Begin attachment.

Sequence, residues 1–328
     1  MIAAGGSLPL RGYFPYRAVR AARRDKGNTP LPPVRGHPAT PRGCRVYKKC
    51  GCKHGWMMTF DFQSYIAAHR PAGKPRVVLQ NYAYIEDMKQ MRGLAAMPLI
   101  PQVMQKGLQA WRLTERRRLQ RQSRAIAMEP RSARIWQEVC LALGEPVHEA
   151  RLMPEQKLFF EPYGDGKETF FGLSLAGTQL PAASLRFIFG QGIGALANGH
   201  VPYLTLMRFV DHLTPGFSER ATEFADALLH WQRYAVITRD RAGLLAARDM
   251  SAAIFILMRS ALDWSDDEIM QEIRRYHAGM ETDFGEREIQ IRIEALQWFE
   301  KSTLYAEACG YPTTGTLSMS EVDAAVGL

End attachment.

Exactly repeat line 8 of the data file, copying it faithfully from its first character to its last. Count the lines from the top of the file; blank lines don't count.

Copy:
   301  KSTLYAEACG YPTTGTLSMS EVDAAVGL